Officially, général d'armée is not a rank (grade in French), but a position and style (rang et appellation) bestowed on some généraux de division (divisional general, which is the highest substantive rank) in charge of important commands, such as chief of staff of the army (chef d'état-major de l'armée de terre) or chiefs of general staff (chef d'état-major des armées).
A général d'armée displays five stars on a shoulder board. The mention of the current usage of "a sixth star authorized for the army general in command of the Paris sector" is a legend, this sixth star never existed. The Air Force equivalent is général d'armée aérienne and the Navy equivalent is amiral.
Only a Marshal of France (Maréchal de France) is higher; however, Marshal of France is not a rank, but a dignity of the State (dignité dans l'État), today not bestowed. It is considered to be a position of distinction rather than an actual military rank. A seventh star is displayed on the general of the army insignia by a Marshal of France.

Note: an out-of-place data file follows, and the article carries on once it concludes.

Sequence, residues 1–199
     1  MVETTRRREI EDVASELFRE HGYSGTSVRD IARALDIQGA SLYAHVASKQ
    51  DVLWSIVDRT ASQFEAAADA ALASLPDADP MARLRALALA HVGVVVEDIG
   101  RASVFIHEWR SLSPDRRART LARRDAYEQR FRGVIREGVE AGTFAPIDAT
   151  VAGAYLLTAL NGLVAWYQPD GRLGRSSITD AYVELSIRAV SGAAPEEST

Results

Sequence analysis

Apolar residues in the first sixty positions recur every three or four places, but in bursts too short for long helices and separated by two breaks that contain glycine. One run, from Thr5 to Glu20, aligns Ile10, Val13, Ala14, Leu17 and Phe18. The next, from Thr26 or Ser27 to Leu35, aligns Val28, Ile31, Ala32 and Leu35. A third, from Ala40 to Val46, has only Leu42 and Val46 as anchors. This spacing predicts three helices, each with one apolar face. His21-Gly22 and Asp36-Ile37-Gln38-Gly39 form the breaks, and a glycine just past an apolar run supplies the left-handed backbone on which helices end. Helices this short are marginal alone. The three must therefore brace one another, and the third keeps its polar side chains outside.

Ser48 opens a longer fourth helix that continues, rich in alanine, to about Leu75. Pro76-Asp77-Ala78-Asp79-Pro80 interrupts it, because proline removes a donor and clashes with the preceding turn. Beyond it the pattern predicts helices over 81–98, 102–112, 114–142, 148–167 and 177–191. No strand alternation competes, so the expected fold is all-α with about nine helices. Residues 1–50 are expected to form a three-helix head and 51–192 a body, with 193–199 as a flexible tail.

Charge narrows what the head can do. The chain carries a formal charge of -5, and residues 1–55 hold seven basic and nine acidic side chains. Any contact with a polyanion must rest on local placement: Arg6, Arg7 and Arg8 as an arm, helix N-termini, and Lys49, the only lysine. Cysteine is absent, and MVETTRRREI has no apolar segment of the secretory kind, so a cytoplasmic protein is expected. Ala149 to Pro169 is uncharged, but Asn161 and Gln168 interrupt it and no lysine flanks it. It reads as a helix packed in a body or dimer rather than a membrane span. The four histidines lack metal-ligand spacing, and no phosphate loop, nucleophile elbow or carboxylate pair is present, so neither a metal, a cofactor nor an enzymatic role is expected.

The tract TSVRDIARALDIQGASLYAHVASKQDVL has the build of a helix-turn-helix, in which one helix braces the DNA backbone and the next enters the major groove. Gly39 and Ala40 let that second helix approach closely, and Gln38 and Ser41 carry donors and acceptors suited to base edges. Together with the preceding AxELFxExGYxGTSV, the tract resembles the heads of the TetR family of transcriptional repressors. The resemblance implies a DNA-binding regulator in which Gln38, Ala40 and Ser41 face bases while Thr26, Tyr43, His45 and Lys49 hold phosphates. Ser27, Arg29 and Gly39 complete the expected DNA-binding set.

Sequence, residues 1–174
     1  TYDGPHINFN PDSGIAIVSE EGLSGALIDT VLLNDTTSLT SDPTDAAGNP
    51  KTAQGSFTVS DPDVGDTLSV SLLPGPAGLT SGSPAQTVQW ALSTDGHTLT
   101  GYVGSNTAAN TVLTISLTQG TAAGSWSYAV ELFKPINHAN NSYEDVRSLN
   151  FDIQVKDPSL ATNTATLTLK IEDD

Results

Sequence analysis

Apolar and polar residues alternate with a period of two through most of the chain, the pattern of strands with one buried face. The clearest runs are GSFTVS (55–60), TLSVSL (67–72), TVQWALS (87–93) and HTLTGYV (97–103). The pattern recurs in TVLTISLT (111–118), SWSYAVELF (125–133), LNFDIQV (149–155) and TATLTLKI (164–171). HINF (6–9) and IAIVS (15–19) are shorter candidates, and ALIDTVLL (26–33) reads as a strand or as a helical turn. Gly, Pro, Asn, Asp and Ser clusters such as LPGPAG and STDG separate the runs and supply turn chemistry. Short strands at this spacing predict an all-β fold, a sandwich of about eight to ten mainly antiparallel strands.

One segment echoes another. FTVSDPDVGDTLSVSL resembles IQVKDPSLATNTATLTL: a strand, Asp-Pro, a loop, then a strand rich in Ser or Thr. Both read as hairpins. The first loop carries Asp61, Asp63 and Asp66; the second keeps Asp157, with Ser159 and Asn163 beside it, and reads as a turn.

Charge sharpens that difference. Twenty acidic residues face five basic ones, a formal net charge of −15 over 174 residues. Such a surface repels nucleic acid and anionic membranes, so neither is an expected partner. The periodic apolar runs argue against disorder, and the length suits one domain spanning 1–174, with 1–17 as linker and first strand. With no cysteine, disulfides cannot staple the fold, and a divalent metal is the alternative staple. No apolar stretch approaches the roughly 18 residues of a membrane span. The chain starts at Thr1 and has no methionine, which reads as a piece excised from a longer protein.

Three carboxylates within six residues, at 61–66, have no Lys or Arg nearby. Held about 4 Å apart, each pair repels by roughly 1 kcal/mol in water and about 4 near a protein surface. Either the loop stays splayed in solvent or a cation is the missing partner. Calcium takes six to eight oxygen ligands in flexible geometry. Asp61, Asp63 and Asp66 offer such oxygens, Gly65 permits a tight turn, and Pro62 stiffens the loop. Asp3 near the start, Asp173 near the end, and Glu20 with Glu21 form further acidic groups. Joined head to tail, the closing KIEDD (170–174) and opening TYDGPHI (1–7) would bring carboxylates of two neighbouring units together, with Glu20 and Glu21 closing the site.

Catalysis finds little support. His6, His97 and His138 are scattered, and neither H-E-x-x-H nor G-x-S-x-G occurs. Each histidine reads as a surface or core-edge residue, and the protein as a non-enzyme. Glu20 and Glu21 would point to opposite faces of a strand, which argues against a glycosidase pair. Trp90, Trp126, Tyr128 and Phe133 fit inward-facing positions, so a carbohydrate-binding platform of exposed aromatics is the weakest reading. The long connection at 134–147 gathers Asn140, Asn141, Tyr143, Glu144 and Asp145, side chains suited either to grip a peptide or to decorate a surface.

The title of army general in France and elsewhere should not be confused with the rank of general of the army, which is more senior, and corresponds to other countries' marshal or field marshal. The rank of "general of the army" theoretically corresponds to overall command of an entire national army with several armies in the field, while the title "army general" only theoretically corresponds to the command of an individual army in the field.
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